The works of seven leading and emerging contemporary artists from Ghana themed “New Threads” will be showcased in an exhibition at Temple Muse in Lagos.
Sixty nine unique paintings on canvas and jute, sculptures and photographs created by Kofi Setordji, Kofi Agorsor, Nii Obodai, Nicholas Kowalski, Constance Swaniker, Nyornuwofia Agorsor and Nana Anoff will feature in the month-long exhibition which begins October 10.
“This is to showcase what our neighbours are doing and how really they are interpreting modern contemporary issues in a very refreshing and exciting way,” said Sandra Mbanefo-Obiago, the exhibition’s curator.
“New Threads” is premised on a modern fabric of creativity woven within the context of an ancient loom of rich artistic ancestry, but presented in contemporary colors and expressions that address current global issues, according to the organizers.
A recurring theme in the exhibition is the interwoven renewal of universal symbols through expressions of modernity. The artworks address frontline issues such as migration, environment, emancipation of the girl child, leadership and democracy.
In addition to documenting the recent Black Lives Matter movement in the US, Setordji has also created works which reflected on the genocide in Rwanda.
“Setordji’s abstract sculptures and paintings add color and political gravitas to our African narrative,” said Mrs. Mbanefo-Obiago, who described Setordji as “the grandmaster of contemporary expression in Ghana”.
Kofi Agorsor and his wife, Nyornuwofia, are both visual artists as well as musicians. While Kofi’s inspiration is deeply rooted in the traditional culture, rituals and beliefs of Ghana, Nyornuwofia signature naive style focus on education as a basic human right.
Nicholas Kowalski’ geometric paintings revolve around imagery of the Baobab, the African tree of life, which is an important symbol of life, power, and resilience in a northern savannah landscape. He depicts landscapes and human imagery with geometric precision interspersed with intricately fragmented patterns often found in the popular Ankara fabrics worn across the region.
His works also celebrate the rich history of the Adinkra symbols which draw on the universal proverbs and philosophy of African culture.
New Threads also presents contemporary expressions through sculpture with Nana Anoff’s works created out of re-purposed, recycled metal objects and machine parts. His two dimensional metal sculptures depict scenes of migration on foot, on bike and on the quintessential “keke-na- pep” three wheeled scooters, so often found winding through the streets of West Africa. These repurposed metal works are complemented by Constance Swaniker’s metal sculptures, including the life-size pretty wings, which shows an enfolding female form in the process of morphing into an “African avatar” complete with Ankara adorned wings, reflecting her views on feminism and emancipation, which are deeply rooted in her social activism.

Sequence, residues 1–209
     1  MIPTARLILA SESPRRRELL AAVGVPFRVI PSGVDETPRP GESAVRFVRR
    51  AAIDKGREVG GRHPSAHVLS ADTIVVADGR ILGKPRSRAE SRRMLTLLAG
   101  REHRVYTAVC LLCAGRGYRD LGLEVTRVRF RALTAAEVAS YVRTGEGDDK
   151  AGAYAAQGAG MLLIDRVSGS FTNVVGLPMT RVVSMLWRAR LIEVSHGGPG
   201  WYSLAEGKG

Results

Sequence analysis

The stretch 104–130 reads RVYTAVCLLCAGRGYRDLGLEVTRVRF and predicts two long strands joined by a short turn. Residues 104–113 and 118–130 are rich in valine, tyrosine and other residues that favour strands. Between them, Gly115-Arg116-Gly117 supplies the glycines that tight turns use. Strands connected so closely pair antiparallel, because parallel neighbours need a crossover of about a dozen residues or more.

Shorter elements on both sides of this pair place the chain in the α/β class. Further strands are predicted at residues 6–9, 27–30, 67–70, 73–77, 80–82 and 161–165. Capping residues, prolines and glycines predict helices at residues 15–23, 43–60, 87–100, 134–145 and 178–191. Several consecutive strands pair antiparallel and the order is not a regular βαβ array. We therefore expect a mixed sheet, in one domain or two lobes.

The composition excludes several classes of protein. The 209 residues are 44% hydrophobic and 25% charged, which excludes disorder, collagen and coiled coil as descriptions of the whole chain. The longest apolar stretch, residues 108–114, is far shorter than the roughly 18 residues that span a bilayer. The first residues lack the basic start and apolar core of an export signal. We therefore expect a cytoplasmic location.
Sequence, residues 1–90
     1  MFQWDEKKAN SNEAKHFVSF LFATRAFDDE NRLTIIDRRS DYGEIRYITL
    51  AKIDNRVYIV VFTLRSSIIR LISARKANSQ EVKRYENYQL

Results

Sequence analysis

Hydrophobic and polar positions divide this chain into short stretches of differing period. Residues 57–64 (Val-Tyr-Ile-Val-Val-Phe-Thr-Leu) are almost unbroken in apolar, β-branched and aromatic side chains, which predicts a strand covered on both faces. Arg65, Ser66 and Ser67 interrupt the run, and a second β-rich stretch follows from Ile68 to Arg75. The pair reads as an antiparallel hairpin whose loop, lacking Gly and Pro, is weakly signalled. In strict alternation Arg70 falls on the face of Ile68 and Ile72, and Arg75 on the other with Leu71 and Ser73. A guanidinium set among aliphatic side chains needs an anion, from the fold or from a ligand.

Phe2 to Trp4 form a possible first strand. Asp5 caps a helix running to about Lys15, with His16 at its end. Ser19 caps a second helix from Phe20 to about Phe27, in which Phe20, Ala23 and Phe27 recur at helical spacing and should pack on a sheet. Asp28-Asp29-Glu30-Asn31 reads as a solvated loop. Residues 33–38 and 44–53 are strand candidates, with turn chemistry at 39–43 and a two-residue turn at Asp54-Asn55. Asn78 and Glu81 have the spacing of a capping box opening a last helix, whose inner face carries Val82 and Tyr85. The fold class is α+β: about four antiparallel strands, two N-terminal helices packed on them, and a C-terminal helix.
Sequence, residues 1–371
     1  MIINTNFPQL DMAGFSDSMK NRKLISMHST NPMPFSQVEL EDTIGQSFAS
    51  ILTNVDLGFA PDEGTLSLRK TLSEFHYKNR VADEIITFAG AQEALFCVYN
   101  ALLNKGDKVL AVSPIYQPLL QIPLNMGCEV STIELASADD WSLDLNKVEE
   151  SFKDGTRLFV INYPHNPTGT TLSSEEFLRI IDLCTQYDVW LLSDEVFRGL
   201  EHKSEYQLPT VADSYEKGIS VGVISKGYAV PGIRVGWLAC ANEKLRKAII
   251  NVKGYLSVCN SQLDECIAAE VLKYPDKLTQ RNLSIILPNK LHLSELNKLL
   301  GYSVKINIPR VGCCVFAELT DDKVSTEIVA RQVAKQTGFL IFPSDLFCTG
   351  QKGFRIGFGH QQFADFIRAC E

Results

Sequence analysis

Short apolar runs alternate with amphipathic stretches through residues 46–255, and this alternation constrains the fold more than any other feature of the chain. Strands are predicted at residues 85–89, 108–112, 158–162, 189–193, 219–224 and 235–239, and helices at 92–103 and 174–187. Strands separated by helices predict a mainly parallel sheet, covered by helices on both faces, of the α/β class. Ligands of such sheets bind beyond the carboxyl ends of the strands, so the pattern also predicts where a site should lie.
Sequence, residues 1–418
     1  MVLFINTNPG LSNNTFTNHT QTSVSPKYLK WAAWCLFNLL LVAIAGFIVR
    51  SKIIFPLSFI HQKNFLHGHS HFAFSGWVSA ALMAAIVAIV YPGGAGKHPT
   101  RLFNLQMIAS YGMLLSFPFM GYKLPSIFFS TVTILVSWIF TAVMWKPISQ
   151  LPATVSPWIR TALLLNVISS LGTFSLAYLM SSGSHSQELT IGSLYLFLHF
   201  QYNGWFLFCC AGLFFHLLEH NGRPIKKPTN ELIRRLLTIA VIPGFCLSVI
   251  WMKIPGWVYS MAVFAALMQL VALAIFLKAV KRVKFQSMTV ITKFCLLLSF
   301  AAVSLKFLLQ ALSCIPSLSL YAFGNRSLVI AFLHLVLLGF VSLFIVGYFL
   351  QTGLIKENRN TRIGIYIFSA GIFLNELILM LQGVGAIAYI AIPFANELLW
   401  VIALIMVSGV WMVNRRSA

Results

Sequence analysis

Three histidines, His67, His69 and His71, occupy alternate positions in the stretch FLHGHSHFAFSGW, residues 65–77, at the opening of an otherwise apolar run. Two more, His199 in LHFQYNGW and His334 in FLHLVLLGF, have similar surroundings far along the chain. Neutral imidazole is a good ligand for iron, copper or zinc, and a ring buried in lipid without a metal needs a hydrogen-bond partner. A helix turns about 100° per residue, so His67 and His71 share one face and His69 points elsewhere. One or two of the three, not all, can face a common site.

In Nii Obodai’s poignant ‘Who Knows Tomorrow’ series is a powerful photographic essay of his travels across Ghana in search of a fresh understanding of independence and the legacy of Kwame Nkrumah’s vision. His wide open landscapes with blurred human forms cycling across or children running across a vast beach or caught playing in rivers alongside lush mangroves perfectly mirrored in coastal waters will give most West African art enthusiasts a strong sense of commonality and feelings of ‘deja’vu’.
“We need to move beyond buying art from other parts of Africa at international auctions in London or at global art fairs,” said Mrs. Mbanefo-Obiago.
“We need to stretch out a hand of creative friendship across our porous borders and create more opportunities for showcasing cutting edge contemporary African expressions in each others’ countries.”
Kabir Wadhwani, Temple Muse Director, said the exhibition would be the centre’s second international group show for the year.
“We are delighted to be hosting some of Ghana’s finest contemporary artists,” said Mr. Wadhwani.
“We are delighted to be broadening the artistic offering and conversation in Nigeria.”
The exhibition runs until November 17th and is sponsored by UBS, the Swiss global bank, and Moet-Hennessey.
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